is up for pre-order! I submitted cover and files to kdp Amazon the first day they allowed me to (and still keep a publish date of Feb 1st). Part of me feels super prepared. Parts of me feel overly nervous because book 2 isn’t as ready as book 1 was at this point, but I am setting aside more writing time than I was a year ago. So, here goes.
Oh, and check out the lovely cover art!
I spent an entire week fine-tuning the blurb (and sleeping off a cold, but still). That seems like a lot of writing time (and begging-friends-for-advice-time) to spend on 130 words, but it’s worth it. The blurb is much better than it was a week ago, and I have lots of people to thank for that (little brother at the top of the list!).
And, because I find this fascinating, you get to see the comparison. Here’s last week’s blurb:
After royal tragedy, Lana, Symon’s childhood friend, is thrown into court life. Deadly enemies surround her on every side and watch her every move. High Lord Ozar persecutes animal shifters openly, and he lets Inurites have free rein in the kingdom. Now the heir, Lana will have to keep from drawing fatal attention to herself while she tries to protect the citizens of Arton. She can rely on no one but herself, but will she be enough?
Meanwhile, on his own and pursued by assassins, Symon will cross the land of Barido in search of a haven and answers. Can he survive in foreign lands? Now a beggar, a thief, and an outlaw, he uncovers secrets about the whole land. Despite facing pirates, thieves, and slavers, Symon’s biggest struggle will be learning to forgive himself.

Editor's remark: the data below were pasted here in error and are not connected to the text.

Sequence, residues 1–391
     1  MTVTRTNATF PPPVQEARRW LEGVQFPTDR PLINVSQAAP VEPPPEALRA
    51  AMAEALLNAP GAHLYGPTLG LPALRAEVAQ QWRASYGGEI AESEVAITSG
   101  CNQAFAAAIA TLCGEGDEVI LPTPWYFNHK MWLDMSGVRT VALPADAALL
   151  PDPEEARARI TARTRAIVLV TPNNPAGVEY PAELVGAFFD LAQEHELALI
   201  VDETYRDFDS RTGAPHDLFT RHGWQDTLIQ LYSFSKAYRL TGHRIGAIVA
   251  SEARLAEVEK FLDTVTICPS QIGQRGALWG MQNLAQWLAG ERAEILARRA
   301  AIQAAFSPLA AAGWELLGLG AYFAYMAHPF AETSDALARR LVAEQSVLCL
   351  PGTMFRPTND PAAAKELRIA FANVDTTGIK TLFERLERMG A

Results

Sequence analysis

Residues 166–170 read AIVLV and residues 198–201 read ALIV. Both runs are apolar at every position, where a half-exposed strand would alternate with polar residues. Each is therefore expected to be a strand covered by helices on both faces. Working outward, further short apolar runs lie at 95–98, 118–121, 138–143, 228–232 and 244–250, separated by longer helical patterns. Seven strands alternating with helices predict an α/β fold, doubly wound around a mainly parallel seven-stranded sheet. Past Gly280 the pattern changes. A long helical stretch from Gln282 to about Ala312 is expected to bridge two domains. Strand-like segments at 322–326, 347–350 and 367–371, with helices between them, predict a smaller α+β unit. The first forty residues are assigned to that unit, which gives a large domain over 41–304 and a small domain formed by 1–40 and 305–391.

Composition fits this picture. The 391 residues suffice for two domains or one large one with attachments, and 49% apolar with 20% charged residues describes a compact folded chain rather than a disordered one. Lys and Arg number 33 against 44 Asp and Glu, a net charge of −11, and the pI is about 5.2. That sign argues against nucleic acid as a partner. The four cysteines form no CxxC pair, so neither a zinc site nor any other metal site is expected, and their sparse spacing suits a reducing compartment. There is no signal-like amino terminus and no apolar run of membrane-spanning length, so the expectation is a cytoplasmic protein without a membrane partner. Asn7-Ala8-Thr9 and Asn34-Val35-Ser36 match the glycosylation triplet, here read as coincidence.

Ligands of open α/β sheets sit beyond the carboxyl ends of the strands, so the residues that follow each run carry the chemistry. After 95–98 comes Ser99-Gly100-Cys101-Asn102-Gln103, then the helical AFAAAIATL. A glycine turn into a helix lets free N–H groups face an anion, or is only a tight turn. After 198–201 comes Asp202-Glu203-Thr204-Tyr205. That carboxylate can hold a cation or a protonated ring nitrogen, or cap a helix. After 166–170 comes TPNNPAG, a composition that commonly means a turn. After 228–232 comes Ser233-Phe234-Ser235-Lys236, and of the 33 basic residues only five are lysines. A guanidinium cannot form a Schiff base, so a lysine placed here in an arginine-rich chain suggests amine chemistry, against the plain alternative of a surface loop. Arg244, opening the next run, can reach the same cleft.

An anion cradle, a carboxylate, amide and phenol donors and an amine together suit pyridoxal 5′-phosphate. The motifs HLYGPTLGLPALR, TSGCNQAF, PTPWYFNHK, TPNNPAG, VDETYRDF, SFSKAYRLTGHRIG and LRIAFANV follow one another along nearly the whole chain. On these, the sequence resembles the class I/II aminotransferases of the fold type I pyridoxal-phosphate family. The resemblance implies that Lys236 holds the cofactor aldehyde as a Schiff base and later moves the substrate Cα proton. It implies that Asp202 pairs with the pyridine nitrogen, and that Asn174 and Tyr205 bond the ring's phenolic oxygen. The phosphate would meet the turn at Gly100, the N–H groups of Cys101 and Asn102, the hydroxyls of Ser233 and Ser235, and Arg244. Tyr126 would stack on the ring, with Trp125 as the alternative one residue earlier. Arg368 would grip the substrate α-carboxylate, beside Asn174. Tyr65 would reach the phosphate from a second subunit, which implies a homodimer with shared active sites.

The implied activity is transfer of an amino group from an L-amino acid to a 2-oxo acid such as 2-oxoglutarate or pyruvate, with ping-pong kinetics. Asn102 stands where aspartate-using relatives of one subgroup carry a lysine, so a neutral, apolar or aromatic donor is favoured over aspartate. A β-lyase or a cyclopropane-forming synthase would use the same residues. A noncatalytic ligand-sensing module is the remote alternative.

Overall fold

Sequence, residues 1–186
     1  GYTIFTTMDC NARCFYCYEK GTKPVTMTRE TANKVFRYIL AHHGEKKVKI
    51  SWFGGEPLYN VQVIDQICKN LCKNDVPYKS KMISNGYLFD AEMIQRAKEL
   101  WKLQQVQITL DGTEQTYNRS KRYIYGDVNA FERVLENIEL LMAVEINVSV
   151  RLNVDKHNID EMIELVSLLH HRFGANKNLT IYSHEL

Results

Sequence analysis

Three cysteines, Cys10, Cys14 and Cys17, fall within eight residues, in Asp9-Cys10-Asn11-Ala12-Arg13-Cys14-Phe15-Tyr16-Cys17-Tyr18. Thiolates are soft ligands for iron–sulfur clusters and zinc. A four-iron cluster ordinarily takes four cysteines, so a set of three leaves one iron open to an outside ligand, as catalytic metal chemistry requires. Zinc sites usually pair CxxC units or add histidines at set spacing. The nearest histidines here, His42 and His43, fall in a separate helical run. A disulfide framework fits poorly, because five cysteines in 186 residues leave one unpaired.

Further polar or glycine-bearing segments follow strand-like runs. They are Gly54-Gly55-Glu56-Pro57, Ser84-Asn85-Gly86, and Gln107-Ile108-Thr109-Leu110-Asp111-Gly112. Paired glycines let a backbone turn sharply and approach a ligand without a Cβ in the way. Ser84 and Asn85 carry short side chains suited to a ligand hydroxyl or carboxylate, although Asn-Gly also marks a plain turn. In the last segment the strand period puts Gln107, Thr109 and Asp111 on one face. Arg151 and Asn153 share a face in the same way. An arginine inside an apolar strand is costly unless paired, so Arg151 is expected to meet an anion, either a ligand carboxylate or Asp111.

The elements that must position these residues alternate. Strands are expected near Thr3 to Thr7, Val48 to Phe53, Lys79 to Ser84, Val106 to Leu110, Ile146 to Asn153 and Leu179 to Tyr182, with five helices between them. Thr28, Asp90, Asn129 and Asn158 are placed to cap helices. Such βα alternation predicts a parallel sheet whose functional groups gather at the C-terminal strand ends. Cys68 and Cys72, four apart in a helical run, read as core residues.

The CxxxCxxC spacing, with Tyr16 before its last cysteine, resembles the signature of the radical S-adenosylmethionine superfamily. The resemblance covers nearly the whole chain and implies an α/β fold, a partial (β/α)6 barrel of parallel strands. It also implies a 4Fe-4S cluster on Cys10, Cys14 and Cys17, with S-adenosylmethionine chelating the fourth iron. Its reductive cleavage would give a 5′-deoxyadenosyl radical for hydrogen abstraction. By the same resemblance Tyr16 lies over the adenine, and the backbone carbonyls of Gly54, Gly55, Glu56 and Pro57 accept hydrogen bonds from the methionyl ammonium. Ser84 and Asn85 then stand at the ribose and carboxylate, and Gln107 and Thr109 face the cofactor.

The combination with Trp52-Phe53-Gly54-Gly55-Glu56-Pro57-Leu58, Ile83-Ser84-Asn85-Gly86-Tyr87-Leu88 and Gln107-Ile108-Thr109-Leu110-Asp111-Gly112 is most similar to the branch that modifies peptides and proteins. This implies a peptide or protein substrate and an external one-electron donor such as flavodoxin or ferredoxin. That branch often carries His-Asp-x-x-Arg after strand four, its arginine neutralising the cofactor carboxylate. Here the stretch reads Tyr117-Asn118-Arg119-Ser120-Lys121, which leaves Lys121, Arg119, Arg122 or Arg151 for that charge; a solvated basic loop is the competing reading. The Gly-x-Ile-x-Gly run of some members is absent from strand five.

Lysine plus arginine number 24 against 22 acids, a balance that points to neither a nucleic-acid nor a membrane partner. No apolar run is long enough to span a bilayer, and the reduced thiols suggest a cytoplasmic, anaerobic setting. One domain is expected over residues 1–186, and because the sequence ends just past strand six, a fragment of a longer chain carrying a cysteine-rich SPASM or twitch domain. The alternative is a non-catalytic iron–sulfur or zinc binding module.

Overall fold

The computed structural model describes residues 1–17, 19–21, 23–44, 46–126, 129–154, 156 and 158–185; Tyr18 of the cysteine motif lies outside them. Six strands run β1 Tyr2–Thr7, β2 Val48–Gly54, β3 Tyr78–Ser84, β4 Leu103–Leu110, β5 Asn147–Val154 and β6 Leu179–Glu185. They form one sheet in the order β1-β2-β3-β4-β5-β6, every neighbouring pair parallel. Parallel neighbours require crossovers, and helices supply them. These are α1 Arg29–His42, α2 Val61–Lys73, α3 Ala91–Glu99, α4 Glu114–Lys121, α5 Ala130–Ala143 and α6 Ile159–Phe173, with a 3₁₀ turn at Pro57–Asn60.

Not awful, but not great. It mostly only speaks to people who’ve read the first one. Here’s what I have today:
He never wanted to kill the King. She never wanted to be Princess.
After the death of his father, the King of Arton, Symon is on the run from his own people. He forges a new identity for himself as an outlaw who opposes the persecution of animal shifters. Despite facing pirates, thieves, and slavers, Symon’s biggest struggle will be forgiving himself.
As Arton’s new heir, twelve-year-old Lana is thrust into court life. She mourns for Symon, but she soon realizes that his loss puts her, and the kingdom, in danger. When Regent Ozar threatens animal shifters, Lana goes undercover to protect citizens of Arton.
Both Symon and Lana will have to decide whether justice is worth fighting for . . . or even killing for.
I love the parallels with the first book’s blurb, too. The four paragraphs are one way the blurbs are similar. Anyway, notice that I basically only have two sentences that survived the editing process. The “thrown/thrust into court life” and “Despite facing pirates . . .” sentences.
This is typical of my storytelling and editing process. I literally cannot think of a single scene from 2009 (second year of writing the story) that made it into Royal Deception as a published book. There are lines of dialogue that I kept, and ideas, but no scenes made the cut (the bandit attack is the closest, but originally that happened when Symon was 8, and Lana wasn’t there). Am I that bad a writer? Can I not put down a decent first draft? Or am I that picky? Probably a bit of both. Even Brandon Sanderson says he doesn’t write good first drafts, so I don’t feel too bad about it. It is more time consuming, though.
Advice for today: kill your darlings. (This means to edit out the scenes and paragraphs you are in love with. When I find myself wanting to keep a scene for one piece of well-said dialogue, I know I need to kill the scene. *sigh*)
PS, the book match game has over 300 titles. It’s not done (nor will it ever be), but I am ready for suggestions.